Part 5
Reducing Phone Books

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    Pick one. If you live in a larger city, you may get phone books from multiple carriers during a single year. To stop them, or to receive only the one book you prefer to use, follow them to their source. Many have opt-out pages online now.
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    Pick none. Most yellow pages phone numbers are available online, so the best option for you might be opting out entirely. To opt out of a variety of phone books at once, go to Yellow Pages Opt Out.[8] Once you create an account, you should see a selection of phone books for your area. You can choose which ones you wish not to receive.
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    Recycle them. Most printed phone directories may be recycled with your regular paper recycling. They're also good for starting campfires or charcoal grills.


  • When calling, don't be rude to the person who answers the phone, even if you're annoyed about receiving something. He or she is paid to answer the phone and is not personally responsible for your receiving it. But do, if necessary, be persistent, in addition to being kind.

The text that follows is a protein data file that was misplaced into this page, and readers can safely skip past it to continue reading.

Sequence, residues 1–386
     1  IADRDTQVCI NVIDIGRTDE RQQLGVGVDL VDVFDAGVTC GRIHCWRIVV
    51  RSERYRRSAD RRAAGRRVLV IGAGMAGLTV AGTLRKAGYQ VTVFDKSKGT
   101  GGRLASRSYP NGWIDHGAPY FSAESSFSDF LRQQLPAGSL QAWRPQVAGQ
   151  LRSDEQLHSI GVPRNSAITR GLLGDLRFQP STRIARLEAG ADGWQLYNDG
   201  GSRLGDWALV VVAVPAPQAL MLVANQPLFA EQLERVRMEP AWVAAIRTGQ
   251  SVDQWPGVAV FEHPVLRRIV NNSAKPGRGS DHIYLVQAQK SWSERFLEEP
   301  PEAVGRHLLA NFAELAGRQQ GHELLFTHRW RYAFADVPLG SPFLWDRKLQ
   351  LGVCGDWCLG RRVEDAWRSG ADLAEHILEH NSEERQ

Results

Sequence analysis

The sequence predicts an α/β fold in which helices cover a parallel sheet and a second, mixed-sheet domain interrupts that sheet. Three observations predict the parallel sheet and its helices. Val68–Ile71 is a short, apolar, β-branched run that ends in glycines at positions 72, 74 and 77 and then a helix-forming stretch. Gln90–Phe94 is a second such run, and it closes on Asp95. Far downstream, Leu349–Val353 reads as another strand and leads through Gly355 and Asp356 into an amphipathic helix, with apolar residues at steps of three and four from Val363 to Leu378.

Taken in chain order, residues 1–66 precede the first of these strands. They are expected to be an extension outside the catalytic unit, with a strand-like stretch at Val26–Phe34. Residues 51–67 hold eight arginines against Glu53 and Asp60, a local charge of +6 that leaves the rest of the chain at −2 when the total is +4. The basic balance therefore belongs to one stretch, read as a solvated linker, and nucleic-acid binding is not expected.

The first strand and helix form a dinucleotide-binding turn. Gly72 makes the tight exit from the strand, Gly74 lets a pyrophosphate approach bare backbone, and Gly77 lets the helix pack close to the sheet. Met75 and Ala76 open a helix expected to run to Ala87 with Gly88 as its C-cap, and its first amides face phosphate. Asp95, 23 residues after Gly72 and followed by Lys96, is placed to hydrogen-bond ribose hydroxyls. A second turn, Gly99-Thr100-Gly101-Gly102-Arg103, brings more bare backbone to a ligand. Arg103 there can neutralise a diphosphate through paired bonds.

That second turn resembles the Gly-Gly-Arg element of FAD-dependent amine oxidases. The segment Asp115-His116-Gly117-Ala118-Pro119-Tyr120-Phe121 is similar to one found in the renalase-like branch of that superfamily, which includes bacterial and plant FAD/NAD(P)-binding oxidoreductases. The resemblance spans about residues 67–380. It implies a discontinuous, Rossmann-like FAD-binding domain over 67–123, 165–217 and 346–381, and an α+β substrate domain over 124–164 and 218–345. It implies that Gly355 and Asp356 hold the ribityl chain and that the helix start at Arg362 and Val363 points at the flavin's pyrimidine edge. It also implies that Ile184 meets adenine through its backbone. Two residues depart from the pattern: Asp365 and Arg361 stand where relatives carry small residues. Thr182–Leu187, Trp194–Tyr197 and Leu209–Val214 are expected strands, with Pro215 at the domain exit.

• Keep a recycling bin or trash can by your mailbox or wherever you sort mail, so that you can immediately recycle any junk you do receive.
  • When all else fails, recycle the junk. If you have a shredder, anything printed with black and white ink is usually safe for the compost heap. You can also use them as kindling in your fireplace. If you're inclined toward crafts, you could also make paper or use your junk mail in collage or decoupage.
  • Sending junk mail back in the reply envelope may feel good, but it is not a particularly effective way to get off mailing lists. It is better simply to request to be removed.
  • Use an electronic calendar to set renewal reminders. If you learn that your removal request expires after a period of time, place a reminder to renew it in your calendar now. Most electronic and online calendars include reminder functions and can take dates far into the future.


  • You shouldn't have to spend money to get rid of junk mail. The junk mail removal kits you may see for sale generally don't offer anything you can't do on your own.
  • Don't put anything glossy or printed with colored ink in the compost heap or in the fireplace. It can release small quantities of toxic chemicals.